Chronic pelvic pain (CPP) is a common condition in women and the incidences of consultation for CPP in general practice are similar to those for asthma and migraine. Population based studies in the UK and USA together with the data from UK hospital settings demonstrate a substantial impact of CPP on health related quality of life 2. In the present study the maximum number of women with CPP belonged to the age group 31-40 years. The duration and intensity of pain was found to be significantly increasing with age. This was similar to the findings of Kamilya 3. Clinical examination did not reveal any abnormality in 50(63.2%) women. USG was normal in 43 (54.4%) women whereas on laparoscopy no visible pathology was detected only in 15 (18.9%) of the women. This signifies the benefit of direct visualization by laparoscopy. Howard 4 noticed that laparoscopic findings were negative in anywhere from 10-90% of the women with CPP. This indicates that we should recognize its diagnostic limitation & pitfalls also. No visible pathology was detected in 26% and 30% of cases in the studies by Kamilya et al 3 and Newham 5 respectively.

Laparoscopy in chronic pelvic pain

The commonest finding in our study was adhesions, which was identified as a cause in 27(34.1%) cases. The adhesions were of various etiologies. Many were due to chronic pelvic inflammatory disease (PID) while some were definitely postoperative or endometriotic in origin. Adhesions were the most frequent finding in the review by Mara et al (22.3%)6, Kresch et al (38%) 7 and Newham (40%) 5.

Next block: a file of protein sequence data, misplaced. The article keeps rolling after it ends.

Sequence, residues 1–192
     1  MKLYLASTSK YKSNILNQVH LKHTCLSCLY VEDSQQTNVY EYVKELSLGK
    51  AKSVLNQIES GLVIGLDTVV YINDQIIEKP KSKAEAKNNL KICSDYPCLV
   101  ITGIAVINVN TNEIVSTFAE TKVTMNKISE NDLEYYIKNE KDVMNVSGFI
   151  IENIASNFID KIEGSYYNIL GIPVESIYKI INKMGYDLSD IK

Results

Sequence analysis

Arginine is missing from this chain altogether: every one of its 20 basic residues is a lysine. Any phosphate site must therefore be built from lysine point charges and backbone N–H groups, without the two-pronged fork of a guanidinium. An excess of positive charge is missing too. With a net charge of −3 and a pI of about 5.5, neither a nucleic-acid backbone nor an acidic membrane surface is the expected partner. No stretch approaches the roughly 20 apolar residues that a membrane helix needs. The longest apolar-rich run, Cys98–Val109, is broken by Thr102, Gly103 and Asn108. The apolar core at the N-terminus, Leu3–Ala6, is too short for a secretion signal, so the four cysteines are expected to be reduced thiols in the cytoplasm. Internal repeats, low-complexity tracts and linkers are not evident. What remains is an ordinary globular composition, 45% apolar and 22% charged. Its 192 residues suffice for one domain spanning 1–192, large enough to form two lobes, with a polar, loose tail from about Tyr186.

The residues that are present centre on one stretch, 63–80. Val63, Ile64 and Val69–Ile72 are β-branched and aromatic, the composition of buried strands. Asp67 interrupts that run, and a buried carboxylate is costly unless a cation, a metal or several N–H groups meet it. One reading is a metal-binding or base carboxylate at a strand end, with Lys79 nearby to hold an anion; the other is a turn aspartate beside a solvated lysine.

with CPP had at least one diagnosis detectable by laparoscopy and it is common to attribute causality to this diagnosis. Laparoscopy triumphs in detecting many abnormalities which clinical methods and USG sometimes fail to identify. This enforces the position of laparoscopy as a gold standard in the evaluation of CPP. References

Another laparoscopic finding was PID as demonstrated by presence of tuboovarian mass, hydrosalpinx or pelvic adhesions. PID was noted in 24 (30.3%) cases in our study in comparison to 17.7% as reported by Mara et al 6. While endometriosis was more common in the studies from other parts of the world, like 20.4% in the study by Mara et al 6, 33% by Cheong 2 and 31.45% by Zubor et al 8, in our study it was only 13.9%. Other findings like pelvic congestion, ovarian cyst and myoma were visible in a lesser percentage of cases. Some of the cases of pelvic congestion were associated with bulky uterus and point towards the existence of adenomyosis (which could not be established in the absence of hysterectomy and HP exam). More than 40% of the laparoscopies are performed for the diagnosis of CPP. Although laparoscopic evaluation is sometimes considered a routine part of the evaluation, ideally the decision to perform a laparoscopy should be based on history, physical examination and findings of noninvasive tests. In our study 64(81.01%) women

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2.